Shopping is almost a rite of passage when you want to enjoy the French way of life, and any shopaholic can easily get carried away by the fantastic diversity of products on offer in l’Hexagone. To shop with peace of mind, it’s best to know a bit about consumer rights in France. That way, you’ll know what to do if you realise that you purchased a defective item, or how many days you have to return an item that you bought online.
Whether you purchase your item in an outlet or on a website, it is an obligation for the seller to clearly display its price. Also watch out for the delivery costs that you might have to pay when shopping online. It is also important to note that in France, cash payments in shops are limited to €3,000. For the majority of products, the French Taxe sur la valeur ajoutée (VAT) rate is 20 per cent.
In France, consumer rights are protected with two regimes covering defects to the items purchased: the legal guarantee and commercial warranties. As its name implies, the first one refers to the law that obligates the seller to offer a guarantee. Commercial warranties do not have a legal status and are more commercial. Whether to offer it or not is up to the seller, therefore they must be clear about it. In both cases, don’t forget to keep the packaging and receipts for your items so that it’ll be easier to assert your rights as a consumer.
Legal guarantees apply in three different cases. If the item you bought is not of the expected standard – for example if it is defective – the seller is liable for two years following the purchase. The item must be repaired or replaced during that period of time in accordance with a EU directive. Furthermore, it’s possible to choose to keep the product and get a partial refund or to restore it and get a total refund – a choice that you don’t have to justify.
The second case is known as the vice caché – a situation in which your item’s defect was not visible when you purchased it and made the product unfit for its normal use. Again, you have two years from the moment you discovered the defect to go back to the seller – but you cannot exceed the limitation period, which is five years from the purchase. The item can be totally refunded or partially so if you choose to keep it.
The last situation where legal guarantees apply is when defective products cause economic or bodily harm. It is the trader’s legal responsibility to exchange or refund the item within the next 30 days.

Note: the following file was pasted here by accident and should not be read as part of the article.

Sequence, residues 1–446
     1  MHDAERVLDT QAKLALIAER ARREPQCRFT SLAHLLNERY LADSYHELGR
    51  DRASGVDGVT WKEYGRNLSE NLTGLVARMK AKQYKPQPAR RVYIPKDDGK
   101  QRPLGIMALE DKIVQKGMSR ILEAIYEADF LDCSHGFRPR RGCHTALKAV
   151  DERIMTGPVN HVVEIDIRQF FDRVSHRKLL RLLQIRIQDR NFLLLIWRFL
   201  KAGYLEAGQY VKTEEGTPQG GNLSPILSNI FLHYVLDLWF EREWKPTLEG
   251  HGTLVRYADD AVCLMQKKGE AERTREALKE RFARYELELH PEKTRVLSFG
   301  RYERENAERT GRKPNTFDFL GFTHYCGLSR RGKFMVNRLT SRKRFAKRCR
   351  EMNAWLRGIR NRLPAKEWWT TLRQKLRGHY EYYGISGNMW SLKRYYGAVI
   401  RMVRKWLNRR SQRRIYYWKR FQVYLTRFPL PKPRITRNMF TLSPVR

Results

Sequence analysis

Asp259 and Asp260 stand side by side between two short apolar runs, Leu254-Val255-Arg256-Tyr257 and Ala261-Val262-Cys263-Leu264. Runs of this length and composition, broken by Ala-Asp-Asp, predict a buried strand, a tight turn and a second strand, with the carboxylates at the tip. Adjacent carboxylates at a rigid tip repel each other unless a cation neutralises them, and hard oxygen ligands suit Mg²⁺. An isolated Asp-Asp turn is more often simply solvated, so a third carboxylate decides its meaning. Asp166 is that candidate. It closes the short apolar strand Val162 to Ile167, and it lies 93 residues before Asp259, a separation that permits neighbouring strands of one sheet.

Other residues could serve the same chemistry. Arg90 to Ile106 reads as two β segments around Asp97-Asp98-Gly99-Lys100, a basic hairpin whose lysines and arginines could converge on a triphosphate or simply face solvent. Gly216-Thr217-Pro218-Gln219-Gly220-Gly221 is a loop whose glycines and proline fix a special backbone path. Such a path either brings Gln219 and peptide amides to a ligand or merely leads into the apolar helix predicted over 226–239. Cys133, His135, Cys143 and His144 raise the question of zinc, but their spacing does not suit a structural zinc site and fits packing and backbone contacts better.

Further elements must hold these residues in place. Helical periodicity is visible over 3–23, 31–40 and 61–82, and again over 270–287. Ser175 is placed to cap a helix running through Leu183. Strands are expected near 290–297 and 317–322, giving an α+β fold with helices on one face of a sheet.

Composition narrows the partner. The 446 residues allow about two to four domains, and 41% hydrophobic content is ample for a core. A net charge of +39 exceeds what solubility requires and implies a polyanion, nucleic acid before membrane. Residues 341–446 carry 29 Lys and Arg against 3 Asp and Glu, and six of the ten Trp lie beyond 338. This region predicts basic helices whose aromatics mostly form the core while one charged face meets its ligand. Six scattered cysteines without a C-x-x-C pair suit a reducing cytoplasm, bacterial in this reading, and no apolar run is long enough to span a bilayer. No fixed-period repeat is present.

Commercial warranties are optional for the seller and can allow reimbursement, exchange or repair. They don’t change anything about the legal guarantees that continue to apply, but are more like a goodwill gesture or an additional service from the seller. This commercial guarantee called le service après-vente (post-sale customer service) must be clearly explained to you when you purchase the product.
There is no set returns period if you purchase your item directly from a shop. However, in the case of mail order, this period is 14 days from the date of receipt – sometimes it can be longer. It’s then better to send back the form with a copy of the receipt and the seller will have to refund you within a maximum of 30 days.
Finally, keep in mind that you also have consumer rights during the sales. Items on sale have the same guarantees as others in the above cases of defects or after-sales services. The returns period is also the same when you purchase online. Moreover, sellers are legally obliged to display new sales prices on the label or online. Bon shopping en France!
For more information, please visit www.europe-consommateurs.eu/en/home
The information in this article is provided for informational purposes and does not constitute legal, professional or financial advice. We encourage you to seek the advice of a relevant professional before acting on any of this information. Any hyperlinks to other resources are provided as sources and assistance and are not intended as an endorsement.
By Nelly Lesage
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